we've been spending so much time since Reagan talking about how bad government is, how it doesn't work, how it should be drowned in a bathtub. and what are we seeing? a government that can't evacuate New Orleans. a government that's losing a war to Arab teenagers. Republicans keep telling us that government doesn't work, and they get elected, and prove themselves right. again and again.

but, yes, this is another topic.
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Old 06-14-2007, 11:18 AM   #448
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the key difference that religious African-Americans -- who tend to live in more urban environments and grow up with more diversity of thought than your typical rural voter -- don't try to take over school boards and preach such nonsense in the public schools.

ehhh. . . .I don't know about that. . .
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Old 06-14-2007, 11:25 AM   #449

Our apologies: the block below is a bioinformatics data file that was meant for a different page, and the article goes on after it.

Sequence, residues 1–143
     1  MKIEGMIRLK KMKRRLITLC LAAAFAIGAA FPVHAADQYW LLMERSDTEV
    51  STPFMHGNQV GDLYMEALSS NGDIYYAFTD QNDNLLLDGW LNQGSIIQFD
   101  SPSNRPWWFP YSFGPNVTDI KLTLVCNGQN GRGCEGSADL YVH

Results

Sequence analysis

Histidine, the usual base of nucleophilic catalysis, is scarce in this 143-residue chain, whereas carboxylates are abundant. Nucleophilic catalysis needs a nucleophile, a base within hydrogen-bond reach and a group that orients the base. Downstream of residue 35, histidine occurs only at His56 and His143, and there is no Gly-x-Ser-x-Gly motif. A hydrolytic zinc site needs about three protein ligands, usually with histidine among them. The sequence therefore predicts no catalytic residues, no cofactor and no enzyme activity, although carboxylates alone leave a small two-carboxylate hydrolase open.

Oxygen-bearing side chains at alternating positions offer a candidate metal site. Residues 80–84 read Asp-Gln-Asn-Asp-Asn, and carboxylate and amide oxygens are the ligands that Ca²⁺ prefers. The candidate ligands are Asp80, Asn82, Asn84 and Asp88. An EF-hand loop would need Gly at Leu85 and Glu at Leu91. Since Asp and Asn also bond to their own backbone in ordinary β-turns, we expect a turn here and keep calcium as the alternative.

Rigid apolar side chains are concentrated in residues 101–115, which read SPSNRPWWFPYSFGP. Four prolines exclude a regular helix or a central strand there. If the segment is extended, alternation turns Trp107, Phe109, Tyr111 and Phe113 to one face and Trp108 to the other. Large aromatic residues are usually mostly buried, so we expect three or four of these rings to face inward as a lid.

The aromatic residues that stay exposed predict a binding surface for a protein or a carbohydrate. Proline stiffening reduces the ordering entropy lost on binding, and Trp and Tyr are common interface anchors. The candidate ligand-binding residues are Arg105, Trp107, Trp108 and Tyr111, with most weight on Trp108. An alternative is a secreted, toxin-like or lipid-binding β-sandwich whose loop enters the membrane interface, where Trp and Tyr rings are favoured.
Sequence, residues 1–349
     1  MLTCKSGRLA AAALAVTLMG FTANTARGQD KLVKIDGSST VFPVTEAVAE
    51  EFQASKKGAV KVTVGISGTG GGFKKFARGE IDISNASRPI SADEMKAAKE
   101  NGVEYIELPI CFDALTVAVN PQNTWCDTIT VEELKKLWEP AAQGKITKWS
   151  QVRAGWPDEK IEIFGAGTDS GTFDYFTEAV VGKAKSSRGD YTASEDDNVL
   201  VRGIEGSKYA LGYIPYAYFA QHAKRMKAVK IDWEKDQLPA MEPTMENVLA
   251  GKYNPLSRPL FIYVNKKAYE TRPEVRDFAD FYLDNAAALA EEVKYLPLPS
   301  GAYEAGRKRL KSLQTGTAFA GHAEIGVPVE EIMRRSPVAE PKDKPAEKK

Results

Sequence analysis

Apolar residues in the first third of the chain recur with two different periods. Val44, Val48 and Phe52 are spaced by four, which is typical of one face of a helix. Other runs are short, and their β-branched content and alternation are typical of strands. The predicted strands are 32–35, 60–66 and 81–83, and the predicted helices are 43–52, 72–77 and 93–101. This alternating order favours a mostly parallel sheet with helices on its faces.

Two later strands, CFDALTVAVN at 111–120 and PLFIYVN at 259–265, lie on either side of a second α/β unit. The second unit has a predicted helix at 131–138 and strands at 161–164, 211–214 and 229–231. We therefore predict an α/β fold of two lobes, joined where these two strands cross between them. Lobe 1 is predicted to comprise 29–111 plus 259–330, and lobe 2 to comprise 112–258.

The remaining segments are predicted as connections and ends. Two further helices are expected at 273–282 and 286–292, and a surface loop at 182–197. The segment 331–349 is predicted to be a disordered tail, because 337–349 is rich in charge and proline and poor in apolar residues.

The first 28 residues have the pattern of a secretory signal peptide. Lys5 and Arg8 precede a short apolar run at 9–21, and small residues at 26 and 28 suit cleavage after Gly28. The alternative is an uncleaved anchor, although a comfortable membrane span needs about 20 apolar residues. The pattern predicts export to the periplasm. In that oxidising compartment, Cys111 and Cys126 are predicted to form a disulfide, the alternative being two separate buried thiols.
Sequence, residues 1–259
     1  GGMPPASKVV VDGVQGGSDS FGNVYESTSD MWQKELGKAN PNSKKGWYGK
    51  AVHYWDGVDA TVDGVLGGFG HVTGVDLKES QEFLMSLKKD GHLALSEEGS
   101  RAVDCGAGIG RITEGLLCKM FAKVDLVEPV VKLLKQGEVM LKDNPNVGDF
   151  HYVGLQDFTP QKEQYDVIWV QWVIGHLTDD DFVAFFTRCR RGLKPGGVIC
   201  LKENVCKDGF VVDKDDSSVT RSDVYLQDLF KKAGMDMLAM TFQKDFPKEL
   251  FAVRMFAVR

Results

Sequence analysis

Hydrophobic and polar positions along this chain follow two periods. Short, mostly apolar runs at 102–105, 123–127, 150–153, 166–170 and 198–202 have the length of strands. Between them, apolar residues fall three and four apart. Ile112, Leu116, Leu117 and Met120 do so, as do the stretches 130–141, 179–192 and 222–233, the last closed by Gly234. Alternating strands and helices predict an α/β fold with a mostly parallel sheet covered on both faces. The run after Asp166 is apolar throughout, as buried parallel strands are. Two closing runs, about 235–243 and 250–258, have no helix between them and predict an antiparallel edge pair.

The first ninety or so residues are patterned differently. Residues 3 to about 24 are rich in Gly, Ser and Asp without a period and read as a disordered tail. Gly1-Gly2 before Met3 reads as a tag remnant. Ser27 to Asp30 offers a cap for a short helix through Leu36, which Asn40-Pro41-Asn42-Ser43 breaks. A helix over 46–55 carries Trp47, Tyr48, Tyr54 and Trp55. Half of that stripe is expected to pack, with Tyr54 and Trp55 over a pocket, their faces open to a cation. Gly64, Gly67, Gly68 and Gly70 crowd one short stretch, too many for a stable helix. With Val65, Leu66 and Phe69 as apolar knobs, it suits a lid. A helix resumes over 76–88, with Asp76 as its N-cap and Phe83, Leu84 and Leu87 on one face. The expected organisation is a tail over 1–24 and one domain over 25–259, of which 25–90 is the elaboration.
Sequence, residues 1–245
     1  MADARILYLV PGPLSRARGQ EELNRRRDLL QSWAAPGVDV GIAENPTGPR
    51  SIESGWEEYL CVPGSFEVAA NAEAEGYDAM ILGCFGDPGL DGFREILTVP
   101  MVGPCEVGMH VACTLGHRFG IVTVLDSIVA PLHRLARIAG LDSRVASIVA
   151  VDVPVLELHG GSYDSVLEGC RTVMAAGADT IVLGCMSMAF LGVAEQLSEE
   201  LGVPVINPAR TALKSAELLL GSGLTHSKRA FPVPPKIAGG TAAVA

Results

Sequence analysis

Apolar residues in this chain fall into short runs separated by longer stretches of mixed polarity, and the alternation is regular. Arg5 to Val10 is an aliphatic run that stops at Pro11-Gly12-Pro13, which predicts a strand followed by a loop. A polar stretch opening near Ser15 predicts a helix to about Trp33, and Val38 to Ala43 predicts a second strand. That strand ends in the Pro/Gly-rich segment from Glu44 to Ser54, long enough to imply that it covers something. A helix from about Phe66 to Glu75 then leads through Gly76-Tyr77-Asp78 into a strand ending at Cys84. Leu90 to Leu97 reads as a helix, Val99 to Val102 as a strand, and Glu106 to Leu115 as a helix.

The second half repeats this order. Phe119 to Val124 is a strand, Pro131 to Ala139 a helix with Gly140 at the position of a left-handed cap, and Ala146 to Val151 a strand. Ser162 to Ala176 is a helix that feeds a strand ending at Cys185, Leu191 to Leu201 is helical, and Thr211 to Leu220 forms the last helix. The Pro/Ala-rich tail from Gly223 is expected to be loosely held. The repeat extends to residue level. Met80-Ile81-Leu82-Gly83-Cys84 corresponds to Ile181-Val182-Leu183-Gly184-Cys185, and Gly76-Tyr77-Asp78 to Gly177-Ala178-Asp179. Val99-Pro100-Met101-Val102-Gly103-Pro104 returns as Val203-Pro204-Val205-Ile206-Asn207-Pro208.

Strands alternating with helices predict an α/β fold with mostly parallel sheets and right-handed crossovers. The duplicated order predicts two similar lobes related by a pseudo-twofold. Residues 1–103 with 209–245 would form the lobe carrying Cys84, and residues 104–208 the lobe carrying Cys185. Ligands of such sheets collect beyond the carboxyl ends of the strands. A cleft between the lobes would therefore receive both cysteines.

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ehhh. . . .I don't know about that. . .


how many black people live in Kansas?

i get a bit of exposure to middle-class african-american religiosity that's in the DC suburbs -- especially Prince George's County -- and evolution isn't even remotely a topic of interest or discussion on the news. i don't see the same desire to reshape the world into a more pallatable image amongst urban-ish religious African-Americans that i do with white evangelical protestants in the south and midwest.

i do point a finger at the explicit homophobia of much of the religious African-American community, particularly when i see the damage it does to young, gay, black men.
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Old 06-15-2007, 09:36 AM   #450
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I think that evolution is so amazing that only God could have done it. How's that for a compromise?